Health care tab will keep ris­ing, fed­eral study says

Honolulu Star-Advertiser - - NATION - By Noam N. Levey Tri­bune News Ser­vice

2 WASHINGTON >> Driven by ris­ing prices for drugs and med­i­cal ser­vices, the na­tion’s health care tab will con­tinue to out­pace eco­nomic growth over the next decade, ac­cord­ing to a new govern­ment re­port.

And by 2026, health care spend­ing will ac­count for al­most one-fifth of the U.S. econ­omy, an all-time record.

The new re­port, which was pre­pared by in­de­pen­dent econ­o­mists at the U.S. Depart­ment of Health and Hu­man Ser­vices and is widely re­garded as an im­por­tant mea­sure of the na­tion’s health care sys­tem, echoes many re­cent warn­ings about ris­ing costs.

At the same time, the re­port un­der­scores the ur­gency of con­fronting the ever-grow­ing bur­den that health care im­poses on fam­i­lies and govern­ment.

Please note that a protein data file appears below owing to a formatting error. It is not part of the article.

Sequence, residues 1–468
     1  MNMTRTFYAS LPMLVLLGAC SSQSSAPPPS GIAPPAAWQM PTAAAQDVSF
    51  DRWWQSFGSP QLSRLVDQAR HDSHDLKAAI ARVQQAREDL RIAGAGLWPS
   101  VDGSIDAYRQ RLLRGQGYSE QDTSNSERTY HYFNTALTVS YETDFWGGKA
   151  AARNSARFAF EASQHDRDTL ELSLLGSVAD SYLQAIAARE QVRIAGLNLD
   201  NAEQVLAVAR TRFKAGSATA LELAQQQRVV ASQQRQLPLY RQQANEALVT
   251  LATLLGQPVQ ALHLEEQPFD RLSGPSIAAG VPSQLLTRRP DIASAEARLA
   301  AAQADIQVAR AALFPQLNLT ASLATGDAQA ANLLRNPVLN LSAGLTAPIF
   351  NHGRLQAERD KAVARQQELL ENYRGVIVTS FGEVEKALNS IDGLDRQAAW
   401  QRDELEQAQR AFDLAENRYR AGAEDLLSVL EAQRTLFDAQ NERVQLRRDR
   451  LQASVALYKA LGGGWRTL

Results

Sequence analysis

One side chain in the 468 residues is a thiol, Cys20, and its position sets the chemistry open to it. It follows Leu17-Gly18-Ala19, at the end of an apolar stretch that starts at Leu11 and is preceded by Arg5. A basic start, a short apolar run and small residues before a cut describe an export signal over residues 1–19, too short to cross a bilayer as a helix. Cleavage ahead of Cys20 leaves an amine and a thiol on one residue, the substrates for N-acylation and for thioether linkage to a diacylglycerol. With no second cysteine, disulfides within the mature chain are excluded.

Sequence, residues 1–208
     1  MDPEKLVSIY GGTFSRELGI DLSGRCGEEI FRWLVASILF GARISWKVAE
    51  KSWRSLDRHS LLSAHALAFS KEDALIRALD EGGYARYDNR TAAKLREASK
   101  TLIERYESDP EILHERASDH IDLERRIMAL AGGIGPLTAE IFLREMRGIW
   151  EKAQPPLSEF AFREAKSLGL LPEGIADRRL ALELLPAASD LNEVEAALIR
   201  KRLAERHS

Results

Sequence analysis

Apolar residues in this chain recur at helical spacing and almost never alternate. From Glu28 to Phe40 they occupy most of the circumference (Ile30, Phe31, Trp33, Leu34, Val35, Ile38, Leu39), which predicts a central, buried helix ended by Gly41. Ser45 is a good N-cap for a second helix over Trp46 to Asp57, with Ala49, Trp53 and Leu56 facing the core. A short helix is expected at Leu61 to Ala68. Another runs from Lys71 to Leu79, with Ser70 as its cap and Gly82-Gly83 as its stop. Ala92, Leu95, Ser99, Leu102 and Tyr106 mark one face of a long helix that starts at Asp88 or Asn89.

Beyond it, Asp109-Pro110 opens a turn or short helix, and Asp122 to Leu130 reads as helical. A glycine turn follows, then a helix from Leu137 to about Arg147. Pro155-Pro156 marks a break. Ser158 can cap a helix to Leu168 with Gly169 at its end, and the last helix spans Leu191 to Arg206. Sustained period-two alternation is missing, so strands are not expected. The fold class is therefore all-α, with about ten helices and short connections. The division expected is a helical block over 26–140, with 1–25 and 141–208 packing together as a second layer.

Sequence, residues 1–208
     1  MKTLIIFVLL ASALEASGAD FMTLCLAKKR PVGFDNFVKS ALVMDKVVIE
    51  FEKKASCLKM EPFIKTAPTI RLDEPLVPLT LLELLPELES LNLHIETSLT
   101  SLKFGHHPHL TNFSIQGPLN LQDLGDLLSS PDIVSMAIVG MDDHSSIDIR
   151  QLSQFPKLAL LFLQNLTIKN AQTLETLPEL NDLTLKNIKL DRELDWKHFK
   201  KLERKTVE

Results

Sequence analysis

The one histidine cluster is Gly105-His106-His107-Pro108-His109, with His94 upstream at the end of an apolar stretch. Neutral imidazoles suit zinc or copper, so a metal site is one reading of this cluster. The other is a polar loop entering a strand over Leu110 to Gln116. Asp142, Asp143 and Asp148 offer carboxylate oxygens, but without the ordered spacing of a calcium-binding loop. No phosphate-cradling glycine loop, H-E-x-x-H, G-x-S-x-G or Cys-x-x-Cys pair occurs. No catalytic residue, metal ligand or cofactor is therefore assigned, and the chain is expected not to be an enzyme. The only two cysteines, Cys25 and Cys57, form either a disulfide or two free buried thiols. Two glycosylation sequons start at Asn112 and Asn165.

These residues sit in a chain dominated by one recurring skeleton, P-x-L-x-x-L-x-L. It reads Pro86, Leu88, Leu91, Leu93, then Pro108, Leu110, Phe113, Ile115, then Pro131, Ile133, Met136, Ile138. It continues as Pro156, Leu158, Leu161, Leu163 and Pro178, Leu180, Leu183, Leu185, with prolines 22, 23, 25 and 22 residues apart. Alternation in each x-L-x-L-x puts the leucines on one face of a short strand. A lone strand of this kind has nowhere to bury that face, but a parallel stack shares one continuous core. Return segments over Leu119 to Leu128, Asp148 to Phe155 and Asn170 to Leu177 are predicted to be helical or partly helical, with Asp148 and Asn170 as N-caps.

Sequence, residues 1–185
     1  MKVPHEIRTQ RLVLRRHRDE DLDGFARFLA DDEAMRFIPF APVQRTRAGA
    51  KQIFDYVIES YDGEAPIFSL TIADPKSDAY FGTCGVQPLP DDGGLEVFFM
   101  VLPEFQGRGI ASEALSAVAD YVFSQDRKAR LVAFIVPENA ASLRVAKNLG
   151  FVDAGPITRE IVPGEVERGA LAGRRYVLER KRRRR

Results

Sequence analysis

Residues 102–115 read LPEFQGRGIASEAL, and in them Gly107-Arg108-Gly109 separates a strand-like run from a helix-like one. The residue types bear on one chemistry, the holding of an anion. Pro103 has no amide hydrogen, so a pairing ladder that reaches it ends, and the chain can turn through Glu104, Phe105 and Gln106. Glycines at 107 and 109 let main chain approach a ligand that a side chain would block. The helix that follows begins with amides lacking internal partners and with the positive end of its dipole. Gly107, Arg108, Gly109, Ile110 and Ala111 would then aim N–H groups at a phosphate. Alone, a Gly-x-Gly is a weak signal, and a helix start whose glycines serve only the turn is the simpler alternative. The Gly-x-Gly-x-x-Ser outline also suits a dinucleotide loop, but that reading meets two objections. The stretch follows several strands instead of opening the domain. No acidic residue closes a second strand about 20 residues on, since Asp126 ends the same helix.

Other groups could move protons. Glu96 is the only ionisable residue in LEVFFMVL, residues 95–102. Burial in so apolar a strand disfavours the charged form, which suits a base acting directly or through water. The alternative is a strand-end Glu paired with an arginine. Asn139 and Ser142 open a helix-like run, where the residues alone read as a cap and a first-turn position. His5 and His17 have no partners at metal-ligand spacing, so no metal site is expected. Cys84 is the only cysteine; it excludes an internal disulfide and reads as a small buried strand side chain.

The an­nual growth rate over the next decade is ex­pected to av­er­age one per­cent­age point more than over­all eco­nomic growth.

That means that health care will ex­pand from about 17.9 per­cent of the econ­omy in 2016 to 19.7 per­cent of the econ­omy in 2026.

Some of the in­crease re­flects the fact that the U.S. pop­u­la­tion is aging and will there­fore re­quire more med­i­cal care, the au­thors note.

But the re­port con­cludes that the big­gest driv­ers of ris­ing spend­ing are likely to be higher costs for care and, par­tic­u­larly, for pre­scrip­tion drugs. Spend­ing on re­tail drugs is pro­jected to in­crease 6.3 per­cent a year on av­er­age over the next decade.

As pub­lic out­rage over the price of pre­scrip­tion drugs and med­i­cal ser­vices in­creases, there are grow­ing calls by Democrats for more govern­ment regulation.

But Repub­li­cans op­pose such ef­forts, in­stead back­ing plans to cut govern­ment health care as­sis­tance, which could re­strain spend­ing.

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